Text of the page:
The NSA’s plan to ‘hijack’ Android app stores

The NSA hatched a plan that would allow the agency to infect smartphones with malware by hijacking the Google Play and Samsung and the Samsung App Store, according to documents obtained by Edward Snowden.

The documents, dated 2011 and 2012 and published by The Intercept Thursday, outline a plan codenamed “irritant horn”. The plan’s goal: find ways to exploit the connection between smartphones and app stores to allow the NSA — along with its counterparts in Canada, the U.K, New Zealand and Australia — to inject data-collecting malware into users’ phones.

It’s not clear whether the plan was ever carried out; the documents are apparently from internal workshops. But they highlight the security agencies’ interest in finding new ways to hack into individual smartphones.

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The documents also suggest that the agencies uncovered security vulnerabilities within UC Browser, an Android browser extremely popular in Asia.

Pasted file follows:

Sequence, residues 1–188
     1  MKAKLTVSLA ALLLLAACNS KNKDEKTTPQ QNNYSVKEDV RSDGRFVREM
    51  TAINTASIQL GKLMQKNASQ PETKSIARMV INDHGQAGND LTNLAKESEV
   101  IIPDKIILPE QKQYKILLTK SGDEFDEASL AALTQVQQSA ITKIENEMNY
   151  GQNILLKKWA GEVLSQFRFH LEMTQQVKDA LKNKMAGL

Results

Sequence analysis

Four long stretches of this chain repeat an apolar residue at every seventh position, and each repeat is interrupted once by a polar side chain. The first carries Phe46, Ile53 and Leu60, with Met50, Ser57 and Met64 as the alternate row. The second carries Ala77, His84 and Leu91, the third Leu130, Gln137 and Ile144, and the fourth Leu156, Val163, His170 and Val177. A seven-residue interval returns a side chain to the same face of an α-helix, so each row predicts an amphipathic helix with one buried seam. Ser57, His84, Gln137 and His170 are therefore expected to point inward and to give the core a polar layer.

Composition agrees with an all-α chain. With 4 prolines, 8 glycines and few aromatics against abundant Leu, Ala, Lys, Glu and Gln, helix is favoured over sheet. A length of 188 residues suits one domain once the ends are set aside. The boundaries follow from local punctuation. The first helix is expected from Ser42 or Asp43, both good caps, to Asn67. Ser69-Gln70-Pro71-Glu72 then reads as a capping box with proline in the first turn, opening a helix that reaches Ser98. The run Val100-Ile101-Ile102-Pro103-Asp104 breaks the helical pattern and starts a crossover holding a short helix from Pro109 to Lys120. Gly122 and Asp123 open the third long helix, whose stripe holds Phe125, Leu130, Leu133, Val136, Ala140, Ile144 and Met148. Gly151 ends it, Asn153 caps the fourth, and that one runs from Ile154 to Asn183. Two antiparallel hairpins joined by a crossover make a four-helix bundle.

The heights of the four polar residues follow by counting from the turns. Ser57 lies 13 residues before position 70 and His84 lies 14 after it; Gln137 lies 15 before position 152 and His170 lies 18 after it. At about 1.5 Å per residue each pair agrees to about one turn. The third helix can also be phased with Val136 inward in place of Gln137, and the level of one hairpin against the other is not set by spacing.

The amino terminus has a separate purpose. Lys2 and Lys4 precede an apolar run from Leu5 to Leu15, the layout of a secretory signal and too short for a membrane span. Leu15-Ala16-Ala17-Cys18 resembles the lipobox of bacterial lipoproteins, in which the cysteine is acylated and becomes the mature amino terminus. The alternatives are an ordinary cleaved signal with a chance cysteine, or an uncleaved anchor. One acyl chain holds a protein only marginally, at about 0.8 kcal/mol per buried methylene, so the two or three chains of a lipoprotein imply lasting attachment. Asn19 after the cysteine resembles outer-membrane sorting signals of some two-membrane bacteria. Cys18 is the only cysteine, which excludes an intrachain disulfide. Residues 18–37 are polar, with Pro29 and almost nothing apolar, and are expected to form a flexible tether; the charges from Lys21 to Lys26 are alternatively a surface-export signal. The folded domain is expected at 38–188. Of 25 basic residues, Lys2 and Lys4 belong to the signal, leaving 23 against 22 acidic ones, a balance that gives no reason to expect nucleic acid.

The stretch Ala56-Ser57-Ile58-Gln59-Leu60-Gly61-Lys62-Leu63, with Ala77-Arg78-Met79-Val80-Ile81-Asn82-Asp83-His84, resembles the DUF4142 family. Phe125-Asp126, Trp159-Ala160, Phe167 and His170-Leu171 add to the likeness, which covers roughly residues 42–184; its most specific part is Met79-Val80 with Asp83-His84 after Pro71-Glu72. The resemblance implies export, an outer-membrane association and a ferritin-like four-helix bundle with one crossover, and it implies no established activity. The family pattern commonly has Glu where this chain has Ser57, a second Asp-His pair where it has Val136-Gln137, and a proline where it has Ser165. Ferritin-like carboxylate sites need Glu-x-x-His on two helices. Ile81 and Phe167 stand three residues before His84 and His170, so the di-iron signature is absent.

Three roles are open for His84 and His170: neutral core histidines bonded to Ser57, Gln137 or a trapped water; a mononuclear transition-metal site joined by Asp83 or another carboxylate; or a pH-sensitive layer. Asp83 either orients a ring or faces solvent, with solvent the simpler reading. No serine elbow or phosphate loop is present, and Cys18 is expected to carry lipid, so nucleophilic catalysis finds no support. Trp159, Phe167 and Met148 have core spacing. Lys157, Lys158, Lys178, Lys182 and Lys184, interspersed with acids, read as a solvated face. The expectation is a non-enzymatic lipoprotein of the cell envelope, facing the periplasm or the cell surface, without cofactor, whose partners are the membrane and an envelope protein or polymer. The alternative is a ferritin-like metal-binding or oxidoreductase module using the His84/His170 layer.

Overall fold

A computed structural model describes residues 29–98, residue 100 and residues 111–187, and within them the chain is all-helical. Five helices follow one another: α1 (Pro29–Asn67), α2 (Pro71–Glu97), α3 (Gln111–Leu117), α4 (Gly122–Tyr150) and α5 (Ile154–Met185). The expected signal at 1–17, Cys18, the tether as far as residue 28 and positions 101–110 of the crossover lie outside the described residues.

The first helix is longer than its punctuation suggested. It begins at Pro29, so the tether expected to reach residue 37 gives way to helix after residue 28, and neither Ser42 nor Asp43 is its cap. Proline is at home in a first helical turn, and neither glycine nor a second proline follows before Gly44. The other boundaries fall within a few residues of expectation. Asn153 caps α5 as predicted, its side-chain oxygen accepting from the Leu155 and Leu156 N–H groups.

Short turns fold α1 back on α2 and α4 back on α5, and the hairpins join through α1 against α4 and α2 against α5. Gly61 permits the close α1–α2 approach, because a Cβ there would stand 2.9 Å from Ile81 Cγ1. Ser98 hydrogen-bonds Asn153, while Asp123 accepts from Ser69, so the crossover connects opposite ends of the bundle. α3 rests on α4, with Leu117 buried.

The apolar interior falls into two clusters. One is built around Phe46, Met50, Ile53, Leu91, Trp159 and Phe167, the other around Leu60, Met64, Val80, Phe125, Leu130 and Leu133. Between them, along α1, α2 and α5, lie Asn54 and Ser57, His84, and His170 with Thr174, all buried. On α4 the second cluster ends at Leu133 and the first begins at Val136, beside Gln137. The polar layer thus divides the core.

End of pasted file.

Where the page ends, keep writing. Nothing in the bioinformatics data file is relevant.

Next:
UC Browser apparently makes large amounts of user data accessible, which the documents describe as creating “opportunity where potentially none may have existed before.”

Citizen Lab, a research group out of the University of Toronto, analyzed UC Browser. In its report published Thursday, the lab said it found “a series of major security and privacy issues in the English language and Chinese language editions of the Android version of UC Browser … both versions of the application leak a significant amount of personal and personally-identifiable data.”

The report continued: “Any network operator or in-path actor on the network can acquire a user’s personally identifiable information (including cellular subscriber information, mobile device identifiers, geolocation data, and search queries).”

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